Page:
Late last month, shortly before adopting amendments to Regulation 13D/G, the Securities and Exchange Commission (“SEC") announced civil charges against several officers, directors, and major shareholders of public companies for failing to satisfy their timely reporting obligations. The SEC also charged the affiliated public companies for contributing to the reporting failures by insiders.
This latest Enforcement sweep included charges against six individuals, all of whom failed to timely file Form 4s within two business days of the execution date. The six individuals missed their reporting deadlines on more than 10 transactions, in many instances by several months, and in some instances by more than a year.
Two individuals were charged with failing to timely file Schedule 13D or Schedule 13G beneficial ownership reports. In each of these instances, the individuals failed to timely amend their reports when their beneficial ownership changed by a material amount. In one instance, the individual failed to timely file an initial Schedule 13G within the 10-calendar day filing deadline.
In addition, the SEC charged five public companies with contributing to the failures of their respective insiders. In each of the “cease-and-desist" orders, the SEC observed: “Although the Commission has encouraged the practice of many issuers to 'help their [officers and directors] to submit the  filings on their behalf . . . [in order] to facilitate accurate and timely filing,' Section 16 places the responsibility to report changes in securities ownership on insiders."
The SEC went on to warn: “issuers who voluntarily accept certain responsibilities and then act negligently in the performance of those tasks may be liable as a cause of Section 16(a) violations by insiders." The six individuals and five companies charged in this sweep incurred aggregate monetary penalties of $1.57 million, with an average penalty in excess of $142,000.
Clearly the SEC has stepped up its enforcement game against recidivist late filers and those companies that have undertaken to assist their insiders in meeting their reporting obligations. The actions represent a firm response to habitually late filers, demonstrating the Commission's determination to reinforce the importance of timely and complete filings by Section 13(d) and Section 16 reporting persons.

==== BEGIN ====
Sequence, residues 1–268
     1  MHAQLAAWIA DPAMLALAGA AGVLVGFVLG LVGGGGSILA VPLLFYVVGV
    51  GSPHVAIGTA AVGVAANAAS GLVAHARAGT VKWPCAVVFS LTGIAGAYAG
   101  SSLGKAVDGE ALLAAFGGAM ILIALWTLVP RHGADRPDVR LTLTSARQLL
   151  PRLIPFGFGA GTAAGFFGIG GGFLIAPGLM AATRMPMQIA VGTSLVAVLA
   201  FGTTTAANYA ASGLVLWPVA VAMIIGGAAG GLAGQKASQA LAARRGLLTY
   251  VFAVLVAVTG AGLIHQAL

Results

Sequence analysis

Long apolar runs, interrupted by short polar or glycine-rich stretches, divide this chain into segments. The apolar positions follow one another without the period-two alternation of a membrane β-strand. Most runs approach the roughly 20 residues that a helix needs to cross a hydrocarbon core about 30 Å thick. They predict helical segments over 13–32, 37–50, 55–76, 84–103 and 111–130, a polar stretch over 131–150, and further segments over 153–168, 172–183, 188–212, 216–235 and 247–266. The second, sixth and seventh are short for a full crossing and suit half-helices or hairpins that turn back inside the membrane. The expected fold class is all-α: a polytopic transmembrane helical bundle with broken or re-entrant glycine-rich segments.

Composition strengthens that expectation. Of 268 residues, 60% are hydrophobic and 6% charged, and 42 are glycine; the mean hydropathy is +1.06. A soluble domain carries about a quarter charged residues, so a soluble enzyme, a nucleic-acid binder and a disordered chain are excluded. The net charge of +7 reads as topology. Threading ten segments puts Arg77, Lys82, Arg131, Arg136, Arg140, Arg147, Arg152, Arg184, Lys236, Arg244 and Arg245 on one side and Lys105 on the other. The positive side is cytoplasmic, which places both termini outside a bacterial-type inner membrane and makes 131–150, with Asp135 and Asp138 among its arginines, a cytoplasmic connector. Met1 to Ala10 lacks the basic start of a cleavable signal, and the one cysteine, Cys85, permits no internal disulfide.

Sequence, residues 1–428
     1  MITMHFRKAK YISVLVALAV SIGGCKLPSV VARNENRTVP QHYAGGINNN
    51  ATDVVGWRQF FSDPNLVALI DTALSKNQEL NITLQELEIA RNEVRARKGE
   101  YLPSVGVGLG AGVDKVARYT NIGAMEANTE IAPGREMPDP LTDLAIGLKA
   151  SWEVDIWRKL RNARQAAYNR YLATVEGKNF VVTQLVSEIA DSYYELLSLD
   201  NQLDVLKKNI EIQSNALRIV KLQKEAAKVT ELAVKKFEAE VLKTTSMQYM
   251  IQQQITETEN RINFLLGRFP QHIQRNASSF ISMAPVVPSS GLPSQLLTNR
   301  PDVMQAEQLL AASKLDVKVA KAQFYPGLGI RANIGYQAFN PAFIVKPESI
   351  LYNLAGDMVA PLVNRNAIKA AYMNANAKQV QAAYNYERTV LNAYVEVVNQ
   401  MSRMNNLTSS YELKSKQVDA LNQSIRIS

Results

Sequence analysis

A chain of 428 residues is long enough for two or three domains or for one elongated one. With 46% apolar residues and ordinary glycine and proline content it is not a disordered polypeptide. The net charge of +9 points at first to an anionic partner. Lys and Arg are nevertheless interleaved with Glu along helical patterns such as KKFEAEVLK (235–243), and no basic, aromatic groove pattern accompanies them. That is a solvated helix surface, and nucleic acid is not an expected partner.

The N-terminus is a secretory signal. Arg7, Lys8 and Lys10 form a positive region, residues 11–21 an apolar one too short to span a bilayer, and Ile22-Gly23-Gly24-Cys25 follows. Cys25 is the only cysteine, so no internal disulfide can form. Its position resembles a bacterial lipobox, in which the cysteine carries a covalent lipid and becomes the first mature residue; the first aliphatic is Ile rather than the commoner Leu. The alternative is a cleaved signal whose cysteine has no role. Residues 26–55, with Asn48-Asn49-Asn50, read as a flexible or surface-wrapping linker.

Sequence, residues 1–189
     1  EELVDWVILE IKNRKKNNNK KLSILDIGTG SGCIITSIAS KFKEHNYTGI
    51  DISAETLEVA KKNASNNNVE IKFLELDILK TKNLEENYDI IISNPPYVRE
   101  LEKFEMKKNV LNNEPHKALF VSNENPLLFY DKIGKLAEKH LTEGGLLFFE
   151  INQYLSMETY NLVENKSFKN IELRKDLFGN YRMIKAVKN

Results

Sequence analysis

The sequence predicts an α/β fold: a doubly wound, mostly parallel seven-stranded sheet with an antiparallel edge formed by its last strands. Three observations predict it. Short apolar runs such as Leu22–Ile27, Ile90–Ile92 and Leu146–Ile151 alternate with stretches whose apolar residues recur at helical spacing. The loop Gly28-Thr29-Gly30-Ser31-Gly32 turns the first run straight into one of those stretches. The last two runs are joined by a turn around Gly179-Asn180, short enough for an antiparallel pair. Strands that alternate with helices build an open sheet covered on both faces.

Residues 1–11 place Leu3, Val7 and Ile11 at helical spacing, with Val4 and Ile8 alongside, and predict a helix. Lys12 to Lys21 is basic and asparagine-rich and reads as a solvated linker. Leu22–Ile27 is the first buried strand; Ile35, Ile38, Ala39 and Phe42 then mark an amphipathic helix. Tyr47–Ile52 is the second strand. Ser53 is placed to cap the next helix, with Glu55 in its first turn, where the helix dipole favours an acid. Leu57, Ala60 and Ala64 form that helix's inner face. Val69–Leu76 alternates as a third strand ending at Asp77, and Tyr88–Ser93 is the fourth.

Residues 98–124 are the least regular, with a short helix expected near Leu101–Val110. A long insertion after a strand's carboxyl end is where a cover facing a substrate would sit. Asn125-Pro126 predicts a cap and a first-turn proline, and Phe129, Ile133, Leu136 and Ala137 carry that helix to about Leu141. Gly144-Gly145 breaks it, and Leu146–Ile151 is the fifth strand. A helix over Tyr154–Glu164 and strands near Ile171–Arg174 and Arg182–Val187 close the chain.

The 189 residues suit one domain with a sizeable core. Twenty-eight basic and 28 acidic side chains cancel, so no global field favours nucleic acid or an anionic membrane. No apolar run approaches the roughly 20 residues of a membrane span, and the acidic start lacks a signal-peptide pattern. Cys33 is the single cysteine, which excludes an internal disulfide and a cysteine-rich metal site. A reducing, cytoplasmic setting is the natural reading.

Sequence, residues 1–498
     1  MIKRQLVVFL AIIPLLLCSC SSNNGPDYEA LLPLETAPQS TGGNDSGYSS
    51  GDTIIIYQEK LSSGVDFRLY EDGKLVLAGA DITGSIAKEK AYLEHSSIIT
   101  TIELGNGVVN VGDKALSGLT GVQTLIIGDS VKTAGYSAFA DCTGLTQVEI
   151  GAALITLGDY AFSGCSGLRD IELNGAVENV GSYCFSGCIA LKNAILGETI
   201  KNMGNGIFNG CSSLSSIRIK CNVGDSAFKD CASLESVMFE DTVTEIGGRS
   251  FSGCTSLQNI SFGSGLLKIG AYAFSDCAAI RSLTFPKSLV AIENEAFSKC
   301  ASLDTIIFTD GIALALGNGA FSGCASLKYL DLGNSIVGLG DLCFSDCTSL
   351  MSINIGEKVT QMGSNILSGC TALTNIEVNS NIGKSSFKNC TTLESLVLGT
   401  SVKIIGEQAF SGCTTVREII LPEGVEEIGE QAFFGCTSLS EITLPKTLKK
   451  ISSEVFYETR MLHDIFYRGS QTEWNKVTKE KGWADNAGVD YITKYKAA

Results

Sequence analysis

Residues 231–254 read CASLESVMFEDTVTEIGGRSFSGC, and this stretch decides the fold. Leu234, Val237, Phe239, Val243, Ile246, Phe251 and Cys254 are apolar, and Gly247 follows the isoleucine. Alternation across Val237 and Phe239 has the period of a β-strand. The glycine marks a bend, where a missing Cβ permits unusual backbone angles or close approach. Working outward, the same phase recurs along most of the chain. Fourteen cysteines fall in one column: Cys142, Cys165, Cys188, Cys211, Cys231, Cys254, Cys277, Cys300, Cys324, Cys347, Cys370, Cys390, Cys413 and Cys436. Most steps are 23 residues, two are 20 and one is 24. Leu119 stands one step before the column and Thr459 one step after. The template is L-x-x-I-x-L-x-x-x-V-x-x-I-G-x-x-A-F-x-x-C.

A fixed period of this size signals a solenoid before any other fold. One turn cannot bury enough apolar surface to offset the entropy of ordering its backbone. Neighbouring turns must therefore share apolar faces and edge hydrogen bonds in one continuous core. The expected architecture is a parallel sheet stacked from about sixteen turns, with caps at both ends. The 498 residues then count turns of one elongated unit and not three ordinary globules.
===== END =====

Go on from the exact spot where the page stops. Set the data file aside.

As noted earlier, the SEC recently adopted changes to modernize the reporting requirements by accelerating filing deadlines. Under the newly adopted rules, initial Schedule 13D filers must report their holdings within 5 business days (previously ten calendar days) after crossing the 5% reporting threshold. Passive investors with more than 5% and less than 20% must file their initial Schedule 13G reports within 5 business days, and qualified institutional investors (QIIs) must file their initial Schedule 13Gs within 45 calendar days of the end of the quarter in which they crossed the reporting threshold. QIIs could previously file their initial reports 45 calendar days after the end of the calendar year. For more on the SEC amendments adopted earlier this month see our client alert.
Following the SEC's adoption of accelerated filing deadlines it is more important than ever for significant shareholders and their affiliated issuers to ensure adequate controls are in place to capture the required information and meet the new filing deadlines that go into effect on February 5, 2024 in order to avoid late, deficient and/or missing Schedule 13D and Schedule 13G reports that can prompt unwanted SEC Enforcement attention. For more information on this string of enforcement actions see the SEC's press release.
Thank you to associates Chris Connelly and Nicholas Whetstone in our Orange County office for their assistance with this update.